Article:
I’ve enjoyed all of my courses at Heller, and it would be impossible to choose a favorite. That said, one of the best things about Heller is the option to take module courses, half-semester classes which offer a chance to explore a more specialized topic in what is typically a small seminar setting. In my first semester at Heller, I chose to take “Labor Income, Labor Power, and Labor Markets,” co-taught by Professor Robert Kuttner and Dean David Weil. I found this course so engaging and informative that it is hard to believe, in retrospect, that it only met for seven weeks! While adding a fifth class for half a semester made my finals period quite intense, it was 100% worth it.
Part of my motivation for pursuing an MPP, and the Heller MPP in particular, was that this type of degree seemed like the ideal combination of academic subjects including history, political science, and economics, all in the service of gaining skills needed to analyze and advocate for effective and just policies. This course reflected that balance perfectly. It combined discussions of the economics of labor markets, lectures on the history of the labor movement (including lots of colorful and inspiring stories), and reflections from students on their own experiences with work and labor issues in a multinational context. Professor Kuttner provided insights from his time as a journalist covering labor issues and politics, while Dean Weil drew upon examples from his time in the Department of Labor and from his research related to the “fissured workplace.” Both were incredibly engaging and entertaining as professors. We also had the chance to hear from visiting scholars of labor history and economics. This meant that the course, while firmly grounded in history, also drew upon the direct experiences of our instructors and their work on contemporary research and policy challenges.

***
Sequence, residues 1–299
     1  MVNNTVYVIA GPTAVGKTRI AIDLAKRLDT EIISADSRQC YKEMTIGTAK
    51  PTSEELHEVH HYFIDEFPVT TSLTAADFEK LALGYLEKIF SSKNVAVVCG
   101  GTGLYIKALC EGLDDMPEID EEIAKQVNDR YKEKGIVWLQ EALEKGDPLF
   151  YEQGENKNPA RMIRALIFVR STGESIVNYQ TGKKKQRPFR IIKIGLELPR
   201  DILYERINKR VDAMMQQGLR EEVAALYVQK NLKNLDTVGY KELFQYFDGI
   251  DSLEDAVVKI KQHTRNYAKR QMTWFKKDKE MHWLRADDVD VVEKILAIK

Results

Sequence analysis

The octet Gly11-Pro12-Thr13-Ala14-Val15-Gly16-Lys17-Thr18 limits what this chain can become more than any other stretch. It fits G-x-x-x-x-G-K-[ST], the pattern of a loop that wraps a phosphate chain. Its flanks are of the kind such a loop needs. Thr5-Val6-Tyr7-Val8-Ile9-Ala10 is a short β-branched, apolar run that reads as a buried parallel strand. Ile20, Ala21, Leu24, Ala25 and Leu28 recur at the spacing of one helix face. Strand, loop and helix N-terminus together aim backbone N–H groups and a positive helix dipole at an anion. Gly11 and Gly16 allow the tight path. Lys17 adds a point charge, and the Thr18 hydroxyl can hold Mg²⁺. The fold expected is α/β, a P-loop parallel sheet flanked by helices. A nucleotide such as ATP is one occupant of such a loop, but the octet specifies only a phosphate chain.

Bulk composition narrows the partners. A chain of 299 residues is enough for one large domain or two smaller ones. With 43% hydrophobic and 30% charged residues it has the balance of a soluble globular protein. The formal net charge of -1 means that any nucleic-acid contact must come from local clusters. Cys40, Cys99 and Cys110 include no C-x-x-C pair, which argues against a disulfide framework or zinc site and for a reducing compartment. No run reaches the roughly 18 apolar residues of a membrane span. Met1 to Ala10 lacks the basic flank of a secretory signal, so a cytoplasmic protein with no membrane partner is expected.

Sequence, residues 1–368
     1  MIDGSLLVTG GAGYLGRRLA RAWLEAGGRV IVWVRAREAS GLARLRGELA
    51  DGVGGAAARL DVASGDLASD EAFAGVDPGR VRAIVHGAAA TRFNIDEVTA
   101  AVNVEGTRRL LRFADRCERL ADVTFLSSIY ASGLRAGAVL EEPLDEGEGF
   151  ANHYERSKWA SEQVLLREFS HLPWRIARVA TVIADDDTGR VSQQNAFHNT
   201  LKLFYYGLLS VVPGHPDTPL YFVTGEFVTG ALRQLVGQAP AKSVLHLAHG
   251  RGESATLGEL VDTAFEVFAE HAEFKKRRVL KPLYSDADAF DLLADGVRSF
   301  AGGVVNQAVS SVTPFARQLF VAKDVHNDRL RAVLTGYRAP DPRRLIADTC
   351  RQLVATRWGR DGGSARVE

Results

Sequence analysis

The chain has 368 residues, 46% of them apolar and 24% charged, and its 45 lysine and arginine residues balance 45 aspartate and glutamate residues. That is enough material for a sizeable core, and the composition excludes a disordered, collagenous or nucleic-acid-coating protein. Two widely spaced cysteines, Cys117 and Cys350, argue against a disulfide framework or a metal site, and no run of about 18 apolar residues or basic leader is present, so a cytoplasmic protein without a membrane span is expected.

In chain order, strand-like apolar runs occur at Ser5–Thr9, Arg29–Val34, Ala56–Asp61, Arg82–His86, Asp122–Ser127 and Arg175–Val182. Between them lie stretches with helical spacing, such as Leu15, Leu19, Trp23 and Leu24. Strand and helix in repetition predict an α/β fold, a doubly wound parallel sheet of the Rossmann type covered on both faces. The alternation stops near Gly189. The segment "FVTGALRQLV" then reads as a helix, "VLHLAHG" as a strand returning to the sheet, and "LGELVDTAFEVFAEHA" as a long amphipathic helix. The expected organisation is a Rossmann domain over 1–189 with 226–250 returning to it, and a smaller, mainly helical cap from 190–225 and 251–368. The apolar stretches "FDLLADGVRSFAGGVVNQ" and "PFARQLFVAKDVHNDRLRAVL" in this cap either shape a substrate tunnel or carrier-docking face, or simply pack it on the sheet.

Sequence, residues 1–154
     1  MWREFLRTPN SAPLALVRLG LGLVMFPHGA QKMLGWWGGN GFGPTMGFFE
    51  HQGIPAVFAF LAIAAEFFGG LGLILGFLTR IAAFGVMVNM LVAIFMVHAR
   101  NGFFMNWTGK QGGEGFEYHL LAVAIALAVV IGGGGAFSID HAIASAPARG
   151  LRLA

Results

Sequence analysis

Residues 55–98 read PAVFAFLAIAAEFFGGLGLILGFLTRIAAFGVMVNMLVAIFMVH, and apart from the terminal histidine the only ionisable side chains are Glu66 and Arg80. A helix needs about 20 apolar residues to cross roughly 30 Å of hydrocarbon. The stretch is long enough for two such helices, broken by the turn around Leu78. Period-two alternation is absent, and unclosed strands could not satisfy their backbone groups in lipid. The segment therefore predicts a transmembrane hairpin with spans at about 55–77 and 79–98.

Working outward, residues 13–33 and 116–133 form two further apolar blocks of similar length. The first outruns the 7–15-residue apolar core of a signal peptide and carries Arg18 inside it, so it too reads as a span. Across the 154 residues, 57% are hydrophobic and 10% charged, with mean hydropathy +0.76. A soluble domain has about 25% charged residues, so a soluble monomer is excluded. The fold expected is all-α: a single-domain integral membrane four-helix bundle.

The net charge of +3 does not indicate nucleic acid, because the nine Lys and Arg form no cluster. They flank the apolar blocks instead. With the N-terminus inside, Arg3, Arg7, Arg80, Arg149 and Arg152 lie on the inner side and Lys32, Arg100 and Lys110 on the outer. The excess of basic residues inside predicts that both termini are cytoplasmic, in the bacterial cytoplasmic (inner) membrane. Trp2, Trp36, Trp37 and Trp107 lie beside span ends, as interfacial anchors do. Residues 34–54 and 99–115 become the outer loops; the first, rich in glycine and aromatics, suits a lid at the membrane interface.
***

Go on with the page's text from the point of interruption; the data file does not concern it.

While I have been interested for quite a while in activism and social justice advocacy, this course helped me to see social movements in the context of political economy and to use analytical tools to assess and understand their impact. The chance to draw lessons from history and gain an understanding of how labor organizing can influence policy outcomes was very influential in helping me to hone my interests, which lie in the realm of workforce development and education policy. This course represents what I think is special about Heller – the opportunity to explore themes of social justice and equity in an academically rigorous, critical, and collaborative fashion. I am thankful that I chose to take a chance on a fifth course last semester – don’t forget to check for interesting modules at Heller!